I grew up hearing my father talk about his treks to a one-room schoolhouse in Aiken, SC. Those seven-mile walks, verified by the car odometer, were mitigated because he loved his teacher and couldn't wait to sit in her classroom. She inspired him to learn, and her encouragement propelled him to go to college at the age of 15.
I came to fully understand my father's feelings when Helen Shelton became my first-grade teacher. Not only did she inspire me, but she also truly made me feel as though I was the smartest kid in the world and that I could be and do anything. She helped to set me on a path of learning and growing in school.
Like me and my dad, millions of other Americans have been inspired and motivated by their teachers. As we consider the best way to evaluate and judge teacher effectiveness, I am struck by a question rarely asked in this brave new world of high-stakes testing, peer reviews and student performance: How do we measure inspiration? The ability to inspire others is an essential ingredient found in great sports coaches, movie directors, corporate CEOs, political leaders and even great teachers. To me, this intangible quality should somehow be incorporated into every teacher evaluation process.
Don't get me wrong, I have long believed in tenure reform, performance pay, and many of the emerging criteria being used to better judge teacher effectiveness. But I also acknowledge and recognize that truly effective and great teachers can't be judged by these things alone. The best teachers inspire. Inspirational teachers are able to instill and nurture that quality in their students that remains the essence of the human spirit—the will to be better and the desire to do better.
Last year, TEDTalk's inspirational speaker of the year was John Hunter, a 30-year elementary school teacher from Richmond, Virginia. His presentation centered around his World Peace Game, a hands-on political simulation in which he puts all of the problems of the world on a four-by-five-foot plywood board and let's his fourth-grade students solve them.
Over the years, the results have been amazing. Hunter's fourth graders have at various times solved world hunger, global warming, totalitarianism and warring among nations. He may very well be the most inspirational teacher I have ever seen, as proven by his growing international acclaim.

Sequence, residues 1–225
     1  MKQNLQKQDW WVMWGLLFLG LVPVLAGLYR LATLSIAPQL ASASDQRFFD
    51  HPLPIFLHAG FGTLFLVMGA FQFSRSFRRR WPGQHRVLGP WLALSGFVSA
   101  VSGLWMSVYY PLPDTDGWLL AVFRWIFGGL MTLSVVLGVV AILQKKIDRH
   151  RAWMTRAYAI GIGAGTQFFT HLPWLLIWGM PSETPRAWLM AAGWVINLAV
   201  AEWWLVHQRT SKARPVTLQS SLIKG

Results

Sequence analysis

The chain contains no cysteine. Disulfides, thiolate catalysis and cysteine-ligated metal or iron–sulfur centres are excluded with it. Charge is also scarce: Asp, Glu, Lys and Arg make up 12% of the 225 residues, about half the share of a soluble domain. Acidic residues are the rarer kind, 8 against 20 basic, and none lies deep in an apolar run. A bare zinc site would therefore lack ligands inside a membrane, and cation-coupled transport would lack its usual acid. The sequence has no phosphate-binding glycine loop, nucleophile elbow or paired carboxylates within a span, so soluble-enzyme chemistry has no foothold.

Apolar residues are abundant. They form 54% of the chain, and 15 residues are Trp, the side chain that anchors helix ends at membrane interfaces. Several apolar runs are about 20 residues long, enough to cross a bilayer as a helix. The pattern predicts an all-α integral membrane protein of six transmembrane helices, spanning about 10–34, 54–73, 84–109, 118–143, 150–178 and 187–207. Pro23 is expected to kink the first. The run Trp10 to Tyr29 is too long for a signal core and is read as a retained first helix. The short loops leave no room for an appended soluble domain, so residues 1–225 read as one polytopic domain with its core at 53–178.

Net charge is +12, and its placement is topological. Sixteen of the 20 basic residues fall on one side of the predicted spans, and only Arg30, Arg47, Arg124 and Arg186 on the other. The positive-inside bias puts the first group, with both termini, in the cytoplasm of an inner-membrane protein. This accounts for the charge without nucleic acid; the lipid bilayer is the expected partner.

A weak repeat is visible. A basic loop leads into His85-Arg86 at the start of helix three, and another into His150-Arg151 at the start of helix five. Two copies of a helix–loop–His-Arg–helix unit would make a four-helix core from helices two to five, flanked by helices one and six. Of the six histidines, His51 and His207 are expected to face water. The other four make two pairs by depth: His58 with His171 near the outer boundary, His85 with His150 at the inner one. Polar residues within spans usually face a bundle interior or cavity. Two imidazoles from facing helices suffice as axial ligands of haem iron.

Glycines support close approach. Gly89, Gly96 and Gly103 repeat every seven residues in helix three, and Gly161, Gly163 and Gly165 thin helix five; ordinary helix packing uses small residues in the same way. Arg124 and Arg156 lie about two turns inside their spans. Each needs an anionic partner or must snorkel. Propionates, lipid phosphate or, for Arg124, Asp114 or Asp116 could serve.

Yet, as I listened to Hunter and heard the testimonials from his various students, I wondered how he would be judged under some of the new teacher evaluation systems recently put into practice. Is Hunter a highly effective teacher? Of course. But does that label alone capture all that he gives his students? Absolutely not.
Teachers like John Hunter remind us that it is important for teacher evaluations to be designed to reflect what inspirational teachers give our kids. Can this be done fairly and to scale, especially in large school districts? Hopefully. But as we strive for better and fairer ways to evaluate our classroom teachers, we must not let our compulsion to systemize teacher evaluations minimize the importance of acknowledging the personal and life-changing skills of those who teach and inspire at the same time.
These are solely the author's opinions and do not represent those of TakePart, LLC or its affiliates.
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Kevin P Chavous is a noted attorney, author and education reform leader. As a former member of the D.C. Council, Mr. Chavous helped to usher charter schools and school choice into the District of Columbia. Currently, Mr. Chavous runs The Chavous Group, an education consulting firm and is a Senior Advisor for the American Federation for Children.